Your newborn baby snuggles in your arms. You're still recovering from the birth and whether it was traumatic or perfect, it was trans-formative and you know you'll never be the same again.
You're adjusting to your new post-partum body as you recover from the experience of bringing life into the world.
Your clothes don't quite fit yet and you can feel your mind changing too, your attention 100% focused on feeding this tiny human, checking their breathing and tucking them in warm and snug.
There are a lot more changes ahead, you know, but for now you're getting to know your new normal as a parent.
As you search through your wardrobe looking for something to wear to mom group this week, one arm carrying the baby, the other the weight of clothes that aren't useful anymore, you'll wonder if you'll ever wear some of them again.
The answer is probably not. Skinny jeans and high neck jerseys generally aren't a new mom's favourite choice at first.
A few other items will come to mind. Perhaps it's time to de-clutter a little?
But as you wonder if the other new parents at the group will be friendlier to you if you're wearing this or that, please stop and consider these three things you won't be needing now that you're a new mom.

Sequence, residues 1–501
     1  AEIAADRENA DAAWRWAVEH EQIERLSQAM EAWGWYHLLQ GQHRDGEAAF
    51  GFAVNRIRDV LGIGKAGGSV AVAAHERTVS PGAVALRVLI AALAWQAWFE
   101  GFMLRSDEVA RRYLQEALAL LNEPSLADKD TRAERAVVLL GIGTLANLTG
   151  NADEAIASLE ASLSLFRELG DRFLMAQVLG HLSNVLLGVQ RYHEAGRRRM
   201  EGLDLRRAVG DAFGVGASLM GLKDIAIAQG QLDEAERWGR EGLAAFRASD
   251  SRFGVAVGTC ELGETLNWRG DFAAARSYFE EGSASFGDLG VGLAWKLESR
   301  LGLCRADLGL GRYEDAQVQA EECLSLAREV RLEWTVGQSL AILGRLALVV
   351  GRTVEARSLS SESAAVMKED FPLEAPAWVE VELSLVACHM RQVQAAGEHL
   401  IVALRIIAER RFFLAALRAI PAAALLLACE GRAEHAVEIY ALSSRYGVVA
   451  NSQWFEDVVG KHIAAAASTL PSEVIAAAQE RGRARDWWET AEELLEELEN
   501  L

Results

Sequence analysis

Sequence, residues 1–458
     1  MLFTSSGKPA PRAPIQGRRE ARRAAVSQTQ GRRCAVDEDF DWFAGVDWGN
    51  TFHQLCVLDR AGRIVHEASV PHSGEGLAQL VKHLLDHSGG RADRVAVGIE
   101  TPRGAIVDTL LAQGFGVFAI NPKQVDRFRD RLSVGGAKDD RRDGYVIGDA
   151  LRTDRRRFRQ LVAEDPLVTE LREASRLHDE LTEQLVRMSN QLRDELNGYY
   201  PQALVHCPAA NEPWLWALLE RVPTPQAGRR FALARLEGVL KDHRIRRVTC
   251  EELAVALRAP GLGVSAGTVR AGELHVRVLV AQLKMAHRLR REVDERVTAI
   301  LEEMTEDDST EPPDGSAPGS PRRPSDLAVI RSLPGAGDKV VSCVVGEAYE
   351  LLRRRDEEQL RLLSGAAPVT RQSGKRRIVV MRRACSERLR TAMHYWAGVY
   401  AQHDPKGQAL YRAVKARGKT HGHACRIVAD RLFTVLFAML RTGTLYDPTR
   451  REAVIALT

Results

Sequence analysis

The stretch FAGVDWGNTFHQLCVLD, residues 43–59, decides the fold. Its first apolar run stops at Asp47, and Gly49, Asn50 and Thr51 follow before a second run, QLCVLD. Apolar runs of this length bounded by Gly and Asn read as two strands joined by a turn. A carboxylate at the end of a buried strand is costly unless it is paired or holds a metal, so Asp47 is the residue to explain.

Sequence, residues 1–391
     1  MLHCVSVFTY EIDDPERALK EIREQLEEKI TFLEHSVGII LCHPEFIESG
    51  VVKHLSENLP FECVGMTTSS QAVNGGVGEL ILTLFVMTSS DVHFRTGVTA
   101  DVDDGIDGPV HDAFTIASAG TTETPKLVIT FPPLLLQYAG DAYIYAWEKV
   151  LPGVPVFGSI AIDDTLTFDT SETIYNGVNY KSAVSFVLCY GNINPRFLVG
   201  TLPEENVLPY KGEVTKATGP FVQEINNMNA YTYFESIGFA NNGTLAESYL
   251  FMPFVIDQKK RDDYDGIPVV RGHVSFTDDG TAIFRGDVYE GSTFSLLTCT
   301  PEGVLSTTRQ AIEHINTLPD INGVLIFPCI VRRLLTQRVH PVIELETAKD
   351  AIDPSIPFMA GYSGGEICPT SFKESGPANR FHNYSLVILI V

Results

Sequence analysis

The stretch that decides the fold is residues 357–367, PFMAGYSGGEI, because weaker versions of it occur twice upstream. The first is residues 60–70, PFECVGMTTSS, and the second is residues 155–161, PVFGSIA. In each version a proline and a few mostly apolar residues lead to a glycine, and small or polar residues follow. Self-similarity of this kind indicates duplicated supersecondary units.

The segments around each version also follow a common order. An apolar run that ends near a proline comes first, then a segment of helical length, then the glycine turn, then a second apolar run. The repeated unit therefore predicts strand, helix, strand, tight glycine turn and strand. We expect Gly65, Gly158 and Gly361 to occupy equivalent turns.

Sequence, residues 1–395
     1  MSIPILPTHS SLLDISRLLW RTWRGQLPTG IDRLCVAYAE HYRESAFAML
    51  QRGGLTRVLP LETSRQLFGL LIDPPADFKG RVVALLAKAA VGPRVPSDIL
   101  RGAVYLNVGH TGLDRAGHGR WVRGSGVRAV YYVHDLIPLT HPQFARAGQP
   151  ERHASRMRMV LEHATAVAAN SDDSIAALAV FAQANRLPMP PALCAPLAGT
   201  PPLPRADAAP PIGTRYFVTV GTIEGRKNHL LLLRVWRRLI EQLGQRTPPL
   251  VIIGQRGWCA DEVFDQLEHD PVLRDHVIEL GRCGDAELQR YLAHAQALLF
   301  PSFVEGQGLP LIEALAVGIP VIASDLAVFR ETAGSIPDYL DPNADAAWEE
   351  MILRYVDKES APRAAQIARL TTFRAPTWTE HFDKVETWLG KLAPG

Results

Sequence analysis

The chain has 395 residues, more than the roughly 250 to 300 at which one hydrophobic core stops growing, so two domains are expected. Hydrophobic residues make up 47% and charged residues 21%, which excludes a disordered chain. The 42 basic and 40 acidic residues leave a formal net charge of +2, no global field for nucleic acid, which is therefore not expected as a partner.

From now on, you don't need:
Other people's judgment
Other people are going to offer advice.
They're going to gently, or forcefully, tell you how to raise this baby, how to parent, school, feed and discipline your child.
You're going to want to listen to them, to take all the advice on board, always ready to explain and to respond, to prove you're a good parent.
To protect yourself from cruel observations and cutting comments, you're going to find ways to defend yourself.
But always being on the defense is no way to live. It's cumbersome, it's unsettling and it doesn't suit you.
When someone offers you their unsolicited advice, their unfounded judgement say: thank you... and let it go.
Could you have done things differently?
Would something have turned out better if you'd just tried harder, studied more, waited longer?
Will your child be ok with you as their mother?
Guilt is so last year. It's heavy, it's ugly, and it's unnecessary.
Take it off, put it down and leave it behind you.
You're going to ask yourself if you're good enough. You're going to wonder if you're doing a good job.
Are they eating enough? Are they sleeping enough? Are they watching too much TV? Will you be a great parent?
And if it goes wrong, is it all your fault?
You're the best mother that baby could have. Hold on to that, and throw the doubt out with the rest of the unnecessary junk you no longer want cluttering your life.
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